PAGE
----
Kepler Chevreux, a French investment bank, has produced a
fascinating analysis that has dramatic implications for the global
oil industry. The investment bank estimates that $100 billion
invested in either wind energy or solar energy — and deployed
as energy for light and commercial vehicles — will produce
significantly more energy than that same $100 billion invested in
The implications, needless to say, are dramatic. It would signal the
end of Big Oil, and the demise of an industry that has dominated the
global economy and geo-politics, for the last few decades. And the
need for it to reshape its business model around renewables, as we
“If we are right, the implications would be momentous,”
writes Kepler Chevreux analyst Mark Lewis.
Maybe that’s what the VSU Foundation wants to tell SAVE
when they dine Monday:
VSU gets it (even if Harvard doesn’t) that fossil fuels are a bad investment and solar is where the profits, students, and investors are.
Seventeen foundations controlling nearly $1.8 billion in investments
have united to commit to pulling their money out of companies that
do business in fossil fuels, the group announced on Thursday.
The move is a victory for a developing divestiture campaign that has
found success largely among small colleges and environmentally
conscious cities, but has not yet won over the wealthiest
institutions like Harvard, Brown and Swarthmore.
But the participation of the foundations, including the Russell
Family Foundation, the Educational Foundation of America and the
John Merck Fund, is the largest commitment to the effort, and stems
in part from a push among philanthropies to bring their investing in
line with their missions.
A challenge gets the
incumbents beyond selling slow and expensive as long as they can.
Both these networks will use fiber optics, and that plus fast wireless to
reach everybody else would be very interesting.
The company said on late Monday that it would launch its “GigaPower”
super-fast home Internet service on December 1 in Austin, a city
that Google has said it would deploy its own speedy Google Fiber
GigaPower would start with speeds of 300 megabit per second, or
roughly 40 times the speed of the average U.S. Internet home
connection, before upgrading customers to 1 gigabit per second next
year. Google also plans to offer its own 1-gigabit connection some
time next year.
Why are all these “dependable” baseload capacity nukes down so much?
See for yourself in these interactive graphs of
NRC Power Reactor Status.
They’re in Google annotated timeline format,
with all the zoom and pan features used by Google finance for stock charts.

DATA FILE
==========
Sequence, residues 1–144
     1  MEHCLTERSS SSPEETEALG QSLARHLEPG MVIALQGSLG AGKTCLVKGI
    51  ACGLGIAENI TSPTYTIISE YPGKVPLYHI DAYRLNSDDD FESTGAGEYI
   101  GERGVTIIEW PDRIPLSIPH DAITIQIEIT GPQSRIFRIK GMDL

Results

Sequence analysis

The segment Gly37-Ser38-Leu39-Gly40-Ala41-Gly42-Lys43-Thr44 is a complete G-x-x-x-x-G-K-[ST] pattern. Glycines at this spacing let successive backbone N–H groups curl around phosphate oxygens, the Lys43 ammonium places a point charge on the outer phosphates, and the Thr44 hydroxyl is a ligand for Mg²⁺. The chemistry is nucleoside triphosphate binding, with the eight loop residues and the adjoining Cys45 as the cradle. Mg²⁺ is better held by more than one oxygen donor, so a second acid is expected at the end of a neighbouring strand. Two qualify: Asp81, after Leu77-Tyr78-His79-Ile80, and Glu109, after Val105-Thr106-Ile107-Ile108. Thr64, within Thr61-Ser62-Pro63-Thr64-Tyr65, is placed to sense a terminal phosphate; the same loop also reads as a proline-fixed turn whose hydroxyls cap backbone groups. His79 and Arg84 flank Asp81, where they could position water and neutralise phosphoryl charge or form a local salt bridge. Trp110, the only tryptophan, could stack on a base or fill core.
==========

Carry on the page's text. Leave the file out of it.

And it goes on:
Reactor Status charts show seven years of
daily NRC power percentage data.
Want to see last month, six months, any 7 days, or some other period?
Now you can, for all 104 reactors, including
the ones recently removed by NRC from status because they’ve closed
You can view your own local reactors
in any of 20 charts.
Why so many graphs? Google annotated timeline charts apparently were
meant for comparing a few stock prices, and don’t handle more than about
seven curves well.
But you can see things in these graphs that are hard to spot in
NRC’s daily tables.
Example: Southern Nuclear Operating Co., Inc. (Alabama, Georgia)
Google Fiber is seen by many as a regional experiment that will push
current Internet service providers to offer faster speeds at more
affordable speeds. Google Fiber head Milo Medin countered that
perception at an event on Wednesday, however. Speaking at a
Fiber-to-the-Home Council meeting, the executive explained that the
company’s fiber-optic broadband network isn’t just an expensive
research project but a great and profitable business for Google,
Medin noted that Google has kept costs down by partnering with
cities that are interested in bringing the company’s gigabit fiber
network to its residents. Partners help Google build a less
expensive and less time-consuming network.
Any local cities around here interested in partnering with Google?
Imagine you are the world’s largest operator of shopping malls, and
shoppers can only get to your malls via the equivalent of dirt paths
and country roads. What’s more, those meager routes are all
controlled by an oligopoly of private, toll-road operators that
focus on their profitability, not on getting consumers to the stores
in your malls.
The result would be a mess. The roads would be slow yet expensive.
Consumers would limit shopping trips. The stores in your malls would
have a hard time generating business, so your malls would languish.
Yet the entire online economy runs on an analogous network. The
network could easily be lightning fast, pervasive and cheap (or even